Research Article | Open Access
Marie Alricsson, Bodil J. Landstad, Ulla Romild, Suzanne Werner, "Self-Related Health, Physical Activity and Complaints in Swedish High School Students", The Scientific World Journal, vol. 6, Article ID 579015, 11 pages, 2006. https://doi.org/10.1100/tsw.2006.164
Self-Related Health, Physical Activity and Complaints in Swedish High School Students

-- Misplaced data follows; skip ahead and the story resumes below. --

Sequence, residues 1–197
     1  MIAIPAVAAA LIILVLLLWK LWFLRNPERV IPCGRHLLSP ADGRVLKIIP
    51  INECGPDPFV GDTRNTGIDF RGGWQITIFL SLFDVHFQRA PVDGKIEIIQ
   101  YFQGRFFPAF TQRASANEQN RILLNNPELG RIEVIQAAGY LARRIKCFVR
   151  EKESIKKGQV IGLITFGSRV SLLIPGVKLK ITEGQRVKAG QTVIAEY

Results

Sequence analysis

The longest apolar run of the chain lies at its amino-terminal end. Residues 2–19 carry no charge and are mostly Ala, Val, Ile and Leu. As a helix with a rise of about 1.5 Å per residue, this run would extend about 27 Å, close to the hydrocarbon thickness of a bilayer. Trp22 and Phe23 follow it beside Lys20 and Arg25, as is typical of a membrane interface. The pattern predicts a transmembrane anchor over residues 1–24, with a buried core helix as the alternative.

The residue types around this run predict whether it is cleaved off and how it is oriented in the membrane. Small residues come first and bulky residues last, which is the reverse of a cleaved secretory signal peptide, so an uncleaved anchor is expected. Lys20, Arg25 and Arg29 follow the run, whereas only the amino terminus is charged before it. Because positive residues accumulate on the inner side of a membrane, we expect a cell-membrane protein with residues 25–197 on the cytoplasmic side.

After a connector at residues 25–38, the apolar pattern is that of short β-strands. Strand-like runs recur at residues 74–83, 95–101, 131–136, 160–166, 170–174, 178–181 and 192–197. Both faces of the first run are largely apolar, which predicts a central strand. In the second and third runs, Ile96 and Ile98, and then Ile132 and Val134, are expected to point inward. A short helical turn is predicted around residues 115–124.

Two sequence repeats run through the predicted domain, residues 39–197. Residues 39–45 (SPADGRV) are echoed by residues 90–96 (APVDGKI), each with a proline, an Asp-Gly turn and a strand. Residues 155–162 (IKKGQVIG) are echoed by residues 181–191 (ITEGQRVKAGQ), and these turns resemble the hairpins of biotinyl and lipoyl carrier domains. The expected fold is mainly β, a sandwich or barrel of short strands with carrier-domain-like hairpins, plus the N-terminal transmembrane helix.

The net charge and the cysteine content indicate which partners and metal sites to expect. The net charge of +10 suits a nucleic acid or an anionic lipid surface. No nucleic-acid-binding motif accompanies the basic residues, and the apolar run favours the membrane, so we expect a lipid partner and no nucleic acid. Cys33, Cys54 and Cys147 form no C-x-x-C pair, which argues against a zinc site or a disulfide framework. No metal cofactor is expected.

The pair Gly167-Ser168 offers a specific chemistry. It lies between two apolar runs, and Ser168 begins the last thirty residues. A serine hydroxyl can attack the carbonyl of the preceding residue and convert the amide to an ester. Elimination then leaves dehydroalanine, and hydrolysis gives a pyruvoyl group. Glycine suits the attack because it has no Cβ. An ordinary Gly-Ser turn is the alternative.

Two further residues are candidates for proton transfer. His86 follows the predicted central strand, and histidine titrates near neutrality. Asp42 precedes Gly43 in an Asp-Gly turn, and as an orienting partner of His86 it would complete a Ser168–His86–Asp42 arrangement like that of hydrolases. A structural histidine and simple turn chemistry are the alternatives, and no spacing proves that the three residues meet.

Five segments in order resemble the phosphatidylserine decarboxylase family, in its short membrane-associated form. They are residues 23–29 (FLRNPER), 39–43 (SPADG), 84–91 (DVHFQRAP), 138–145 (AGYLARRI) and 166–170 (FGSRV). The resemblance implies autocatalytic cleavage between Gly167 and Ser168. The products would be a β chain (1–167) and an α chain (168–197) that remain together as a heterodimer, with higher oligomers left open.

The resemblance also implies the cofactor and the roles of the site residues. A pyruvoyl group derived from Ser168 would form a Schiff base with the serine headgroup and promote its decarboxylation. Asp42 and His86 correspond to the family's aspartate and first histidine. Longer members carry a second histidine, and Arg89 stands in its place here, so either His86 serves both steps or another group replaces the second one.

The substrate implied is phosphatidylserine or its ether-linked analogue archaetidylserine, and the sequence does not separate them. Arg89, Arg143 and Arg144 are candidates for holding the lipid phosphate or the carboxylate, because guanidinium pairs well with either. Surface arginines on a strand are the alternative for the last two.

The aim of this investigation was to study self-related health, physical activity and level of exertion, as well as body complaints in Swedish high school students. A total of 993 high school students aged 16–19 years participated in the study. A questionnaire was completed at school and included questions about self-related health, physical activity behavior, type of physical activity/sport, intensity, duration, possible injuries or complaints, and absence from physical training at school, during the last 3 months. The results showed that 26% of the high school students participated in sports on a regular basis. Males reported significantly better health than females (p < 0.0005). A significantly higher number of females participated in physical activities at a lower level of effort (p < 0.0005) and a higher number of males trained at a higher level of effort (p < 0.005). Sixtyone percent reported body pain during the last 3 months, representing a higher number of females than males (p = 0.03). A higher number of females than males reported complaints from the back (p = 0.002), the knees (p = 0.015), the neck (p = 0.001), and the hip (p = 0.015). Females with body complaints reported poorer health than those without complaints. There was a correlation between poor self-related health and a lower level of physical effort (0.219; p < 0.001). The results showed that the prevalence of musculoskeletal symptoms was high in this population and demonstrated a certain association with self-related health. Therefore, it is important to make it easy for adolescents to perform physical activity at school and during their leisure time in order to prevent chronic diseases.